Canadian Man Denied Entry Because of his Scruff Profile

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A Canadian citizen was denied access into the United States after a Customs and Border Patrol officer went through his profile on Scruff, gay a hookup app.

The unnamed officer became convinced that the Vancouver resident worked as an escort when he found messages sent by the man saying he was “looking for loads.” To the sexually illiterate CBP agent, this was hooker code for soliciting sex for money.

André, a 30-year-old Vancouver set decorator who would not provide his full name in an interview with Dailyxtra, was traveling to New Orleans to visit his boyfriend. (I’m guessing they have an open relationship or something – or maybe in Canada both the health care and the love are free.)

André recalled the experience as “humiliating.”

“I didn’t know what to do. I was scared, so I gave them the password and then I sat there for at least an hour or two. I missed my flight,” he said.

Apparently André casts a wide net in the modern dating world, because after the officer returned: “He came back and just started grilling me. ‘Is this your email?’ and it was an email attached to a Craigslist account for sex ads. He asked me, ‘Is this your account on Scruff? Is this you on BBRT?’ I was like, ‘Yes, this is me.’”

(Then, at this point, the officer asked what “looking for loads” meant, breaking the case wide open and revealing André’s deviant sex-for-money operation.)

Sensing that the officer had no intentions of allowing him through, André opted to return to Canada.

United States law gives agents at the border broad authority to perform searches on both citizens and noncitizens, a longstanding doctrine known as the border search exception. Unlike searches within the country, authorities do not need probable cause to search travelers and their belongings. CBP can search through physical property including electronics, and can even duplicate and keep data for an indefinite period of time.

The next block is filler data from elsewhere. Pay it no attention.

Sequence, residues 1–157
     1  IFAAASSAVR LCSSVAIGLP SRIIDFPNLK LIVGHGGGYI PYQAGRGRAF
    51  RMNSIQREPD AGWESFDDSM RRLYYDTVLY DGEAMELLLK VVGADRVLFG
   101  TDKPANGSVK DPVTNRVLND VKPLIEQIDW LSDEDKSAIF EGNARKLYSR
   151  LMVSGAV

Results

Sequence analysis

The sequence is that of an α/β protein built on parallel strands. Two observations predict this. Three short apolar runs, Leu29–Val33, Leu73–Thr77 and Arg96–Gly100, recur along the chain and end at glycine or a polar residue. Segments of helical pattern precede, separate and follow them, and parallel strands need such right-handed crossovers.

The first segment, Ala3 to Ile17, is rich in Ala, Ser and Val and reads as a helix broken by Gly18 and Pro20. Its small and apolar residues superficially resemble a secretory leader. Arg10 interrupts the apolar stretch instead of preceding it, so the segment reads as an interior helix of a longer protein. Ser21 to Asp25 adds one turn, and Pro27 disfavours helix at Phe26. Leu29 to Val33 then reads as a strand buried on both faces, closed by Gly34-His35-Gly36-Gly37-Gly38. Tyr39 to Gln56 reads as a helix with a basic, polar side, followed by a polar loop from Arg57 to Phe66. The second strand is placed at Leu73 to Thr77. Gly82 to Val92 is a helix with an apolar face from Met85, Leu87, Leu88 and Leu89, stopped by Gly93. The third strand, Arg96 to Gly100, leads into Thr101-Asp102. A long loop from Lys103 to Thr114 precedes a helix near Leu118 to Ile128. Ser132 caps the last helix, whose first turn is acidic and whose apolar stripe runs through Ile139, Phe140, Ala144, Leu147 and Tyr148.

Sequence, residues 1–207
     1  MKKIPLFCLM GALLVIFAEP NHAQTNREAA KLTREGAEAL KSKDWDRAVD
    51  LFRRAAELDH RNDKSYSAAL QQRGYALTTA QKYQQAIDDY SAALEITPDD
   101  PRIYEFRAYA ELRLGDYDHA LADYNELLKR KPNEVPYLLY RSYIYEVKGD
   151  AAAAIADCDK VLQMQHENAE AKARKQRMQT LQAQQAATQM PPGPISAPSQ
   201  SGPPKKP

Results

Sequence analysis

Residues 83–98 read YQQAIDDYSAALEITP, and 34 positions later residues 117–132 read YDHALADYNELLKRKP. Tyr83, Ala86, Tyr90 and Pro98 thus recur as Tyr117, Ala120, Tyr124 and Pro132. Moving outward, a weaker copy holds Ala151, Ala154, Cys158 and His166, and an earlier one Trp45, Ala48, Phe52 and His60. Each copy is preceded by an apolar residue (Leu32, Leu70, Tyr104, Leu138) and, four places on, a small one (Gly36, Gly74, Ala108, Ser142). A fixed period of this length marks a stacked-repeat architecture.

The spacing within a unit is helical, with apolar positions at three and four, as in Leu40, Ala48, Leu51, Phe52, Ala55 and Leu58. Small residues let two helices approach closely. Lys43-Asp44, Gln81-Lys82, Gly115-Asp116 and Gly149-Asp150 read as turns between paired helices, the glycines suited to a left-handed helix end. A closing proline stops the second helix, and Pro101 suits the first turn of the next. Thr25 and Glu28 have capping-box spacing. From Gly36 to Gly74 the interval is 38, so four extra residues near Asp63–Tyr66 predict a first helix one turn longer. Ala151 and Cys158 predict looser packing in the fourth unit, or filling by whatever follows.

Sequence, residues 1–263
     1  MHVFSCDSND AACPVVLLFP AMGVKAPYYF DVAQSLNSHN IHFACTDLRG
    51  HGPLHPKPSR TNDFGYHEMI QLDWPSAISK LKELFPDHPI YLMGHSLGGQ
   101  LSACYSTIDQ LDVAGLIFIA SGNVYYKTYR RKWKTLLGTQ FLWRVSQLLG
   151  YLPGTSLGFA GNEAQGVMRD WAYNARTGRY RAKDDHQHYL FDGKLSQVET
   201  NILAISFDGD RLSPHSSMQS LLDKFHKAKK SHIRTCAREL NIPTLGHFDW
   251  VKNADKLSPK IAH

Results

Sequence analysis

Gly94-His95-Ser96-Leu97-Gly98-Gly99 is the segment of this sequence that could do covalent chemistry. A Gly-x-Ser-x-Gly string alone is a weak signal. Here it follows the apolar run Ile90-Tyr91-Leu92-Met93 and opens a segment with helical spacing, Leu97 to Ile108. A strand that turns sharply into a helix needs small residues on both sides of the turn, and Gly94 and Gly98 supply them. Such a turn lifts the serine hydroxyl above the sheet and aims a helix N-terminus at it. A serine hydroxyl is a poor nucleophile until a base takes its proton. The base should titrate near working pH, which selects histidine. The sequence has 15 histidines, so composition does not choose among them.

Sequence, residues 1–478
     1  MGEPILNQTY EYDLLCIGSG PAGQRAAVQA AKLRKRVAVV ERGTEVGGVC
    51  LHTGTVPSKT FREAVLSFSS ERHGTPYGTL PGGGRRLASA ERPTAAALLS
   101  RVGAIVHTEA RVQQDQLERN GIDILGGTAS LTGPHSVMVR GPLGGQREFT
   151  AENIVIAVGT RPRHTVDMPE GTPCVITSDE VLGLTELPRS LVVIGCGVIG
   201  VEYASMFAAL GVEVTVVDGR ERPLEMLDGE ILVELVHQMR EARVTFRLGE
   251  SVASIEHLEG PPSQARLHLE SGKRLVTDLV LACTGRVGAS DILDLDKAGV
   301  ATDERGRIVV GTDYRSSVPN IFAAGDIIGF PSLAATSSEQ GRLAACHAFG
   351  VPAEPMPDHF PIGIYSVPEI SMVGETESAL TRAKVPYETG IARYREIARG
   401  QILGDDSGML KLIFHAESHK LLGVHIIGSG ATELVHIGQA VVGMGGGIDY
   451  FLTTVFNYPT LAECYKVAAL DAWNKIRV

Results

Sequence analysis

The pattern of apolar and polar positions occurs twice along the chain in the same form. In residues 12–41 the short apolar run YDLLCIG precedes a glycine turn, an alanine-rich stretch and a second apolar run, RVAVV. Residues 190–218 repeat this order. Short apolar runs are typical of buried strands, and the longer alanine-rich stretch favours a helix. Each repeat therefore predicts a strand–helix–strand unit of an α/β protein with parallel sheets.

A month later, André came back prepared. In order to prove his gainful employment, he brought letters from his employer, pay stubs, bank statements, and a lease agreements. And André thoroughly scrubbed his phone of sex apps, browser history, and messages.

But apparently André went overboard. The Border Patrol agents grew suspicious at the sudden absence of data… so they looked through more of his stuff.

“They went through my computer. They were looking through Word documents,” André said. “I had nude photos of myself on my phone, and they were questioning who this person was.” (André, like most men, looks completely unrecognizable when naked.) “It was really humiliating and embarrassing.”

The agent, whose favorite book growing up was Goldilocks, told André, “Next time you come through, don’t have a cleared phone,” and sent him back to Vancouver.

Perhaps after $1,200 of nonrefundable travel fare, André’s boyfriend will consider flying to Vancouver next time because, more likely than not, CBP won’t change anytime soon.

About The Author

Samuel Braslow is the managing editor at FourTwoNine Magazine, and covers current events and politics for the website.

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